Time. There is always something to do and never enough moments during the day to actually get some writing done. I’ve been struggling with exactly that. There’s not going to be more time in a day and my schedule won’t change. However, there are different ways in which I can up my word count without needing more hours.
It’s been on my mind for a while now: how can I use my writing time efficiently? How do I make the most of my time? I’ve been asking for advice from fellow writers and have been thinking about it myself. It led me to a list of ways that help me write a lot in a short amount of time.
1. Writing Sprints
Make use of writing sprints. This tip was most definitely inspired by NaNoWriMo. In order to write 50,000 words a month, you have to find ways to get a good number of words on paper. One of these ways is making use of writing sprints. This literally means, giving yourself a limited amount of time – fifteen minutes for example – to write as much as you can.
If you do have a bit more time on your hands, you can use an hour glass. Why? Because you won’t notice you’re writing a lot longer than you set out to do. An alarm clock will start blaring once time’s up. An hour glass won’t. I added an additional twenty minutes once, because I didn’t notice my hour glass had finished (yay, another 500 words).
2. Don’t Look Back
Once you get to writing, do not look back at what you’ve written. Editing is an entirely separate process. I personally like to read a little bit of what I’ve written the day or week before, just to get back into my story. I read about two to three paragraphs, correct whatever I feel should be corrected and then get going. I write until I’ve reached my word count and only look back once I’ve finished writing those words.
It’s difficult, I know. I don’t always manage either. You want the darn thing to be perfect straight away, but the thing it, it just can’t be. Take a look at Patrick Rothfuss and George R.R. Martin, who take years and years to finish their projects. They don’t have a perfect first draft either. That’s why they need a good number of years. Aim for near-perfection for your finished product, but don’t aim for a near-perfect draft.
3. Designate a time and space for writing
I write in the train. Every morning when I go to work and every afternoon when I go home. Those are my fixed writing times. Just the fact that I designated a time and space for my writing has helped me out greatly. Do you only have half an hour a day? Well, that’s another 300 words written that you otherwise wouldn’t have. It doesn’t really matter what your schedule looks like. It is just about designating a time that is just for writing.
Along with assigning a time and space, it’s also important to have the right kind of vibe while you’re writing. I prefer silence and sometimes a bit of classical music. If there’s kids running around or loud music, you might not be able to concentrate. So make sure you communicate with your partner that this is your time to write and you should not be disturbed.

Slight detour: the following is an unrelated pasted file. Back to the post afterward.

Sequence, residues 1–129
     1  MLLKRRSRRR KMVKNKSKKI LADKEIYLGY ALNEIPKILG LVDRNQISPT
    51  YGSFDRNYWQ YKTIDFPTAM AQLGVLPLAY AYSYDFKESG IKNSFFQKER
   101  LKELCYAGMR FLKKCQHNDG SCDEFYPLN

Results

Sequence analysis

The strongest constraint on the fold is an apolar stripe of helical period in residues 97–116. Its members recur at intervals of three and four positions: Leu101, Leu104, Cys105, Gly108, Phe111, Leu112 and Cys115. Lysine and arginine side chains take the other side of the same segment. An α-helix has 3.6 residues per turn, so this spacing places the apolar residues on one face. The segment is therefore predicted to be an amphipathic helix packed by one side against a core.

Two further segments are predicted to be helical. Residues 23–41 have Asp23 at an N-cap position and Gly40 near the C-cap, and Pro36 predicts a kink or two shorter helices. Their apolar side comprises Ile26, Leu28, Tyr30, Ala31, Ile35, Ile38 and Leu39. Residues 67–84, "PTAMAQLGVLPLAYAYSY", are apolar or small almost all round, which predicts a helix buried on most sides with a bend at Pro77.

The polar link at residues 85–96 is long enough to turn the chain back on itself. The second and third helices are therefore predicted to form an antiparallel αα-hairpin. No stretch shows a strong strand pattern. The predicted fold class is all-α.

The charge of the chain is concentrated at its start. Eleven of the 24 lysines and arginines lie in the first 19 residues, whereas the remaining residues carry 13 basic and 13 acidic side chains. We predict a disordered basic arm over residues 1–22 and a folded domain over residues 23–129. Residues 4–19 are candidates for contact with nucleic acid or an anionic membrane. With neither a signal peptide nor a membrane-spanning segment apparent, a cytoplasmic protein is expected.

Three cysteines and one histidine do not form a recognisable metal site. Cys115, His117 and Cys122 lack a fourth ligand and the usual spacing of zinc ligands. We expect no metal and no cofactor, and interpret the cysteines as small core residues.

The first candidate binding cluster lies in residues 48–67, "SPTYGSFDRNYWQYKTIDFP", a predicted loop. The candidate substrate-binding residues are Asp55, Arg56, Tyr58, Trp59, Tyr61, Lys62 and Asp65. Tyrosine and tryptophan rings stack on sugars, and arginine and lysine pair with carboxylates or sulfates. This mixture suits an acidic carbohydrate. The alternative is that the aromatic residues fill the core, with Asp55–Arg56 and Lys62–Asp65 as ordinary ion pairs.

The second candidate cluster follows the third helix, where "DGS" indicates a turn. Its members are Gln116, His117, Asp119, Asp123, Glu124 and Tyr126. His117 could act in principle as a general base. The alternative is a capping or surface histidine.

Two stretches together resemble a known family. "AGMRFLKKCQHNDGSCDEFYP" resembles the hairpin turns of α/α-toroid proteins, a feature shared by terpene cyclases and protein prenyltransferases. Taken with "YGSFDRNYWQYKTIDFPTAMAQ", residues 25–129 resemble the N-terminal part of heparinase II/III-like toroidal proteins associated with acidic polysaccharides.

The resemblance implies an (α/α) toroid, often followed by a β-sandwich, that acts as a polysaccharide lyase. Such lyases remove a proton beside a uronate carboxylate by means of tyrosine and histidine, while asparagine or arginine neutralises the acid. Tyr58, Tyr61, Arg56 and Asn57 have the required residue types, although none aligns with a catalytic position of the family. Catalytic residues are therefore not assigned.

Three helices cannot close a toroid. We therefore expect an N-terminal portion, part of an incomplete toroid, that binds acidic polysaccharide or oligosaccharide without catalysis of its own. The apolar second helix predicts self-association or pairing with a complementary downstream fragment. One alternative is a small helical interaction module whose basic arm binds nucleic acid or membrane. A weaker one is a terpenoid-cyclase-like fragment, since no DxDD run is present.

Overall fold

4. Write every day
Writing every day when there’s not a lot of time? Yeah, really. It works. Let me explain. About a year ago I had this huge project lying around: my fantasy novel the Fourth Ruling. I loved the idea and the characters, but it just never came to fruition, because uni life was demanding a lot of my attention. I wrote maybe once a month, which resulted into nothing more than me trying and desperately failing. It was as simple as that I didn’t know my characters and my plot anymore.
I beat myself up. I mean, if anyone should know my story, it should be me, right? It cost me a lot more time to get back into my story than it would’ve to write just a little bit every day.
Ever since, I’ve tried exactly that: write every day. If I don’t manage, I’ll write at least every week. Once you know your characters and know your plot, the writing is so much easier. Dialogue flows of the page, because you know where you’re heading (or you’re discovery writing and you will have a better sense of where things are going). At times I only wrote 100 words a day, but at least those 100 words kept me sucked into my story and enabled me to write faster in a shorter amount of time.
5. Turn Off Your Phone
Do it! You can answer that WhatsApp message later. Twitter can wait. Facebook will still be there an hour later. If you’re a total social media nut, like I am, this can be difficult. More so when there’s WiFi around.
There’s a few tricks though. A rigorous one is to cut yourself off from the internet by literally disconnecting the router. If you’ve got a gamer boyfriend, like I do, that’s not an option. You can also give your phone to your partner or a friend you’re living with and order them to give it back once you’ve written x amount of words.
6. Use Your Non-Writing Time
There are so many moments during the day when you can think of how to continue your story. I’ve developed so many characters and plot points while walking or doing the dishes. I take out my phone and write them down. Having these moments throughout the week will mean you’ve got something new to work with once you get to the actual writing.
Just allow your brain to wander in your world, think actively of new scenes and new ways to introduce themes and characters and you’ll see that the useless hour of biking back home was in fact wildly productive.
Are there any tips you have for fellow writers? Let me know in the comments! I’m always looking for ways to be as productive as I can be.